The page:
Cisco Bolstering its Global Strategy, Investments
Wim Elfrink discusses Cisco's efforts in "globalising the corporate brain"
October 29, 2007
It's one thing to talk about the global economy. It's another to live it. But that's exactly what Cisco System's first-ever chief globalisation officer is doing. Wim Elfrink moved to Bangalore, India, at the beginning of this year to help oversee Cisco's $1.1 billion investment in the country and the construction of the company's first "globalisation centre." From India, Elfrink leads Cisco's efforts to decentralize many of the ways the company conducts business worldwide, what he calls the "globalisation of the corporate brain."
News@Cisco recently spoke with Elfrink about Cisco's new approach to its worldwide business operations and the promise of the global economy. The following text is modified from a recent News@Cisco podcast with Elfrink.
What economic and business trends are influencing Cisco's efforts to extend the company's global activities?
Wim Elfrink: Well, first, we knew we needed to improve ways we reached other parts of the world beyond the traditional market areas such as Western Europe and Japan. India, China, and other "emerging markets" countries, ranging from Poland to Brazil, are undergoing dramatic change and modernization, especially regarding technology and their workforces. Most of these countries are growing far more quickly than traditional markets. Two hundred million people will be urbanized over the next five years and most of that will take place in emerging markets.
These markets are particularly promising because almost everything is "greenfield"-that is there is very little existing IT infrastructure. For Cisco, this means that these countries need new soup-to-nuts networks to take advantage of Internet communications and the economic and social benefits that come with them. So, having customers without existing systems to integrate is an opportunity for us to co-create new solutions.
But these countries do not just offer promising opportunities. They also provide sources of much needed talent. By investing and setting up more substantial operations in these countries-by moving closer to these areas--we feel we will be in a better position to recruit the best networking talent in the world. And the gap for talent is huge. Just in India, Cisco and other IT companies are planning to hire thousands of workers over the next few years. So competition is fierce for the best of these employees.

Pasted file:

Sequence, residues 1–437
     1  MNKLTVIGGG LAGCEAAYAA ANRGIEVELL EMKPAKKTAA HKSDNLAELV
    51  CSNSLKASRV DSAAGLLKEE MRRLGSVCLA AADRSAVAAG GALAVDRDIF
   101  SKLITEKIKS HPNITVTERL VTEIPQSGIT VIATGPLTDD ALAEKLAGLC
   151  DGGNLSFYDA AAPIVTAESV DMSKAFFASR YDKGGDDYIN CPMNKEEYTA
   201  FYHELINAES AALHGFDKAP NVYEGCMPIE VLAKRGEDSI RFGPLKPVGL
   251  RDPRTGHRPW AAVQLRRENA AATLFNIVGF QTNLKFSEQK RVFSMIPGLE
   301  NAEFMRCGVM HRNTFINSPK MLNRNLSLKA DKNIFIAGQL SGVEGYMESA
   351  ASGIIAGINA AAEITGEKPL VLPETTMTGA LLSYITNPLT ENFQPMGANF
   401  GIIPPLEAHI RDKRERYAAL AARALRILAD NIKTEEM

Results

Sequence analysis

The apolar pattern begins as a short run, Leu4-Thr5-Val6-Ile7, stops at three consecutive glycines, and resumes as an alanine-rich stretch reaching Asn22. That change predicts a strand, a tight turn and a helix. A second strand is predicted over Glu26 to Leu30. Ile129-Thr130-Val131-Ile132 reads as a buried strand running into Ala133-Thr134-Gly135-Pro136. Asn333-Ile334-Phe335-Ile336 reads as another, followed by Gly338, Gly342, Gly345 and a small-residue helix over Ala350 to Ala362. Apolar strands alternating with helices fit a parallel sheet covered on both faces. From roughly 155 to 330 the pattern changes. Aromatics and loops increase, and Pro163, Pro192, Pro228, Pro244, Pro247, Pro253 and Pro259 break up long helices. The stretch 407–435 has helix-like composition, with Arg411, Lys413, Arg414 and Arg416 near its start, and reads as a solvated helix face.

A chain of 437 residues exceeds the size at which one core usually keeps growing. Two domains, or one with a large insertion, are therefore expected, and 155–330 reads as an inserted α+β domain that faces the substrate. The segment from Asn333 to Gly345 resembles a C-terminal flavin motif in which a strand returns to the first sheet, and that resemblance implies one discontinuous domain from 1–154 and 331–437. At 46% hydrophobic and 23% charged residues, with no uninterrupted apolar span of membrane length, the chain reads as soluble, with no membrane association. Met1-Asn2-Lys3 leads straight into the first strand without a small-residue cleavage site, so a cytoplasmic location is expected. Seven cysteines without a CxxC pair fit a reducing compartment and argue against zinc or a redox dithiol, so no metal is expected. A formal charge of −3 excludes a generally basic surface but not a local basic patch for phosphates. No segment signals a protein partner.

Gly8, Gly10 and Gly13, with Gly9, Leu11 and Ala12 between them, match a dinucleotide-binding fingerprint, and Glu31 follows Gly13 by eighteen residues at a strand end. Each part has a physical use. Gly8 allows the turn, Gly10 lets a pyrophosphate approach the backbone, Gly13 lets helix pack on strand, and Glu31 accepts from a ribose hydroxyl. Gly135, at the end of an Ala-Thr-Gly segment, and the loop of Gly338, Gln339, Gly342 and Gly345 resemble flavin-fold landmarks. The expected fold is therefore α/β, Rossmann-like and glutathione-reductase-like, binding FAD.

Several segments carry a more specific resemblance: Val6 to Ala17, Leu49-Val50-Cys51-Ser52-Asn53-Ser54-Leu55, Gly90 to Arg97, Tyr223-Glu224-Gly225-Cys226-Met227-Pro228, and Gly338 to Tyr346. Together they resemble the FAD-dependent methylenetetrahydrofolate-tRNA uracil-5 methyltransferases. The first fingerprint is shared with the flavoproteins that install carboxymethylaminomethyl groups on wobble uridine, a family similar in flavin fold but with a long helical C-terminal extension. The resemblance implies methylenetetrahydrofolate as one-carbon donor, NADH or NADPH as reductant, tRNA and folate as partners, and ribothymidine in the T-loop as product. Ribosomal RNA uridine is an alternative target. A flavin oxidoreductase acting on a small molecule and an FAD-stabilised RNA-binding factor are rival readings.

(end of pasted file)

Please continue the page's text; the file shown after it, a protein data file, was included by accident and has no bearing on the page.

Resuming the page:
What are some of the tangible goals for your group, particularly at the Globalisation Centre in India?
Wim Elfrink: We are basically working off a three-year plan. Now we are in year one. Over the next three to five years we want to have 20 percent of our best talent, or about 10,000 people, here in India at our Globalisation Centre. This is not outsourcing but full company operations, with crucial management and logistical responsibilities. Some employees will come from our existing operations in California or elsewhere but a big chunk of those will be employees recruited locally.
Another important goal for our globalisation plan is to further our government relations. Many emerging countries like to work in private/public partnerships. So it is imperative that we build close relationships with these governments. Along with government relations, we also must build partnerships with businesses.
What are some of the key benefits of physically being in a location such a Bangalore rather than simply managing things from Cisco's headquarters?
Wim Elfrink: I think of two essential advantages for me or any other manager who is working globally. First, by being here you really live all of the changes taking place in these rapidly evolving markets. Your kids go to school and come home with stories. You go shopping and see what that experience is really like. This direct experience makes it that much easier to understand the country and the market, helping provide insights that can keep your company thriving and ahead of the competition. This, we feel, will help us develop new business models that will be more appropriate for these new markets.